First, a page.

The installation of signs at times appears as an afterthought, going by their design and placement in many places. In the case of some labyrinthine malls, critics might even say there was little thought involved. VivoCity, billed as "Singapore's largest" mall, was nigh impossible to navigate several years ago and had to engage an Australian agency to improve its signs. Yet getting around remains a challenge for newcomers. A similar situation when using public transport would be intolerable, especially as the rail network grows and interchange stations multiply.
A good rail system would be one that makes it as much of a snap to find one's way around as to travel from one point to another. Working towards this goal, the Land Transport Authority is calling for specialists to study the existing set-up as "way-finding signs have always been a complaint among commuters". Other transit systems have paid more attention to signage by using colour codes and bold sizes. There's more to it, of course, than just replacing bulbs for signs with LED or LCD signs, or replacing text signs with symbols.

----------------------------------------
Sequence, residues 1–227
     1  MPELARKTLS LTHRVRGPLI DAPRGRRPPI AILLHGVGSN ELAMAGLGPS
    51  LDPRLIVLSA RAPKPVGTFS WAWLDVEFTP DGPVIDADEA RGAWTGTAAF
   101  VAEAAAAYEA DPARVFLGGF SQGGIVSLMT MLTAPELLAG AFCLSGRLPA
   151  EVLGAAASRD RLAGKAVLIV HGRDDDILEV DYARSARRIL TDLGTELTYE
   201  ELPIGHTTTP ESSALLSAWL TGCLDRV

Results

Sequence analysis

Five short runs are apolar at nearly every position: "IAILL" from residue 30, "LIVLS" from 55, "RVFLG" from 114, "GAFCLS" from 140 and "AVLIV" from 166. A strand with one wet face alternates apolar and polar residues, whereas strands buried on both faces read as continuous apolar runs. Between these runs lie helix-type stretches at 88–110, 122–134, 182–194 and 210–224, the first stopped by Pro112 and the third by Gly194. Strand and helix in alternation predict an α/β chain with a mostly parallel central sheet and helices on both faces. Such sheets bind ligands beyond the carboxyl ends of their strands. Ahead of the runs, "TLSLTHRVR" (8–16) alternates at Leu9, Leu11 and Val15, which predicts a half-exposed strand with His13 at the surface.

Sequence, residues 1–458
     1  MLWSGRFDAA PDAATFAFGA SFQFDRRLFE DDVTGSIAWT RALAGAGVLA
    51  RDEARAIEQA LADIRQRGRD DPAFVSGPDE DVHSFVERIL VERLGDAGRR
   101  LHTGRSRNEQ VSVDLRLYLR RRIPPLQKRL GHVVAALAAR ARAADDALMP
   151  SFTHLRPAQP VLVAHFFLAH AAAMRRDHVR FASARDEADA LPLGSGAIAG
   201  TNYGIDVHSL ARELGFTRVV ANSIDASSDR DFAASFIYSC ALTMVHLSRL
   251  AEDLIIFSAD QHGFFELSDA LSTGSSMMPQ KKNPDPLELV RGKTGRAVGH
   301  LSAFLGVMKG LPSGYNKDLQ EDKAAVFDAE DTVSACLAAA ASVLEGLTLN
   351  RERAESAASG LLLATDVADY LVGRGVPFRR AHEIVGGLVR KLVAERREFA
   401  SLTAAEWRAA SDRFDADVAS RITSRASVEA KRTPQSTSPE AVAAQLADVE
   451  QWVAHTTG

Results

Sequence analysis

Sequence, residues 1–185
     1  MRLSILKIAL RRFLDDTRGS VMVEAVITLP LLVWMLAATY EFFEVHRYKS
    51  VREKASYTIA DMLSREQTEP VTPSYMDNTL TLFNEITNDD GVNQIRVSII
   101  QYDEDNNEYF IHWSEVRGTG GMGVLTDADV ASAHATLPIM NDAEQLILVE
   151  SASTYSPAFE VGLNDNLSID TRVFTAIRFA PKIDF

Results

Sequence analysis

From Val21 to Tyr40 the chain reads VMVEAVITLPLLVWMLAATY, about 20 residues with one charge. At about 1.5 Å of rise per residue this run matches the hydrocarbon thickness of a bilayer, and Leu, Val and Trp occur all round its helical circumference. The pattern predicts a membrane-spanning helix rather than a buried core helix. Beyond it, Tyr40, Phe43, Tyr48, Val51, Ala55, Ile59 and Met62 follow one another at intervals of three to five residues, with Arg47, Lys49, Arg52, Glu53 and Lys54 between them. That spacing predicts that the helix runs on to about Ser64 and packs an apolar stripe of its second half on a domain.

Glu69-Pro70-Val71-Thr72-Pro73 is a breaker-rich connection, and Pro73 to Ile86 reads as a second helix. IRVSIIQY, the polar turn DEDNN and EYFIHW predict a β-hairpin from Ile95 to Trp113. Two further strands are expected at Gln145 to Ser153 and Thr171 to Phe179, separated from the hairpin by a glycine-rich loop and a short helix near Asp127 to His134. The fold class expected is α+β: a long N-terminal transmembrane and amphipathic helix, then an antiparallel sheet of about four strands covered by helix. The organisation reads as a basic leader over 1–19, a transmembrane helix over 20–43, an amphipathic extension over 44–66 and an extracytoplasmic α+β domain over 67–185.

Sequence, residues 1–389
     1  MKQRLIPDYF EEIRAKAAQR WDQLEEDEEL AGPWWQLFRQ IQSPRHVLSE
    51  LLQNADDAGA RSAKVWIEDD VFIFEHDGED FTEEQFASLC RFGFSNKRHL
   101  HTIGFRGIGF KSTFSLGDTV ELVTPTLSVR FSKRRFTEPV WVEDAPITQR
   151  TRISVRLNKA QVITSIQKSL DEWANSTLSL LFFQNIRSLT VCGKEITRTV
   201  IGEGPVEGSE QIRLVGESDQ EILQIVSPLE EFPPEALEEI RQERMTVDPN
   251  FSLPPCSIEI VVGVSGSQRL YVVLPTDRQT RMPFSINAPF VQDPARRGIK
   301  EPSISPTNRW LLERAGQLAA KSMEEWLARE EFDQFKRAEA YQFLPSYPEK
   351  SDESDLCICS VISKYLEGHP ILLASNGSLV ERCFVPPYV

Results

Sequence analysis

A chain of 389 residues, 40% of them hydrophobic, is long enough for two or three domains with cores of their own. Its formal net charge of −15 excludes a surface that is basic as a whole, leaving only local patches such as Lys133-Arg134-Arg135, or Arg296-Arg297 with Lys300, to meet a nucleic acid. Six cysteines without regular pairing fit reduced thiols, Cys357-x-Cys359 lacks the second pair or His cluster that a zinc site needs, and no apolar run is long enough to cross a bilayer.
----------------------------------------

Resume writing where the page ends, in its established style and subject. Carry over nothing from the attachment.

Knowledge of the spatial dynamics of crowds on the move in and around stations can help in the overall design of clearly signposted paths, access and exit points, gates and evacuation routes. Designing signage should be an integral part of this process. For example, when people are dodging one another at a junction, static overhead signs would be less effective than colour-coded paving or corridor walls. The critical issue is how people can use all visual information at key spots for way-finding. That would mean paying attention to the background clutter as well. For example, making directional signs compete with shop signs and advertisements is counter-productive. A broader view of navigation is needed that goes beyond just revamped signs, however nice they might look on paper.